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If you've come this far, I invite you to come a bit further and wade around with me in a cathartic pool exploring the details of my history - a personal project that will expand as I find more pictures along the way.


Here you will find an autobiographical history of my early and career in special effects and makeup.  

I made a lot of rubber and sprayed a lot of blood.  It was a lot of fun.


When I was twelve years old, living in Austin, Texas, and not knowing how to break in to the movie business, I asked my parents if I could volunteer at a local community theater to learn how to work backstage.

They made some calls on my behalf, and before long I was welcomed into my first second family at Zachary Scott Theater.  I worked every show, every season, for the next five years.

Zachary Scott Theater

From seventh grade I worked five nights a week, taking the city bus half an hour into downtown, and bumming rides home however I could.  I was stage-managing by the time I was fifteen, and in that environment began building contacts for a film career - and I can't imagine a better, more supportive environment in which to grow up.

At the same time, I was making an impression on the small group of State employees at the Texas Film Commission by pestering them constantly with phone calls, wanting to get my foot in the door in movies.  In order to shut me up, they started recommending me to art departments and other small productions who needed free help, and I ended up doing odd jobs on semi-local movies like A PAIR OF ACES with Willie Nelson and Kris Kristopherson and the odd-bird Merchant Ivory production THE BALLAD OF THE SAD CAFÉ.

As I got into High School I started working on more and more professional stage and film productions, worked as a spotlight operator at many different theaters in town, building props for community television shows, did illustrations for the newspaper, built sets for trade shows, learned to work as rigger and stage hand for big touring rock shows and running lights for smaller ones - basically whatever I could do to keep myself from working behind a Schlotzky's counter.  It mostly worked.  And I mostly got my homework done, too.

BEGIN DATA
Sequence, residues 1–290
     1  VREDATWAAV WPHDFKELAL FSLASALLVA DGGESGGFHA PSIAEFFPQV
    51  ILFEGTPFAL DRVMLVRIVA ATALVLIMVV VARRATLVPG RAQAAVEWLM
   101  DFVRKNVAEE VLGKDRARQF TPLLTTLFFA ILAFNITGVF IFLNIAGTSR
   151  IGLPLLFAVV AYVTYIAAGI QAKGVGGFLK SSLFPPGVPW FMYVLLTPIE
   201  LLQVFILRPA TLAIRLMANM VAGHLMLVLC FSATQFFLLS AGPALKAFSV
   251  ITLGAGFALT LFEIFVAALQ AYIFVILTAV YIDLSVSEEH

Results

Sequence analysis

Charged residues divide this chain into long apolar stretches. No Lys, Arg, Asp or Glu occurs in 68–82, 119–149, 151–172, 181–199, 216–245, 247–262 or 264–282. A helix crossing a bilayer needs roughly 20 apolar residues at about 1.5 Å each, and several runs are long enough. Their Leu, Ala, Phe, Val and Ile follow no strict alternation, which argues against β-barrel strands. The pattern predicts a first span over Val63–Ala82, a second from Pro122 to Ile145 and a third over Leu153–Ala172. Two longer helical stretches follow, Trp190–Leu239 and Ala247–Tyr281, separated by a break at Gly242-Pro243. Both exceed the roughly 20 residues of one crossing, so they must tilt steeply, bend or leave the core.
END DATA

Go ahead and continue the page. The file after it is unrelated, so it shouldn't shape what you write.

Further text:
During this time I also found two makeup effects mentors, both students of legendary makeup effects godfather Dick Smith.  Paul Smith and David Whitley both took me under their respective wings and taught me more than I ever hoped I would learn.  I owe my foothold into understanding makeup effects to their incredible patience and generosity.

So that I might prove myself a champion of humility - here, I embed forever my very first special effects video reel.  It was cut tape-to-tape by my buddy Andy who worked the graveyard dub shift at the video house next door to my little FX shop.  


I was about eighteen, which makes this 1992, and features music I wrote and recorded in high school.  Yeah.  If you are reading this much about my life, I owe you transparency.

It is epically embarrassing, I'm pretty certain you won't be able to endure much of it.  Captured off VHS!

Art of Illusion was my first effects company started with friends right out of high school.  We rented a warehouse space in downtown Austin and set up a miniatures and effects shop for us all to work in.  I ended up living in that shop on a cot for a while.  Good times.


After a short stint building dentures in a dental lab to make ends meet, I got my first professional makeup effects gig on TEXAS CHAINSAW MASSACRE: THE NEXT GENERATION in 1993, and for the next several years I managed to stay very busy.

After CHAINSAW I spent some time on my friend Andy Cockrum's movie A TROLL'S BRIDGE, and also connected with ORIGIN SYSTEMS, the local video game company responsible for ULTIMA.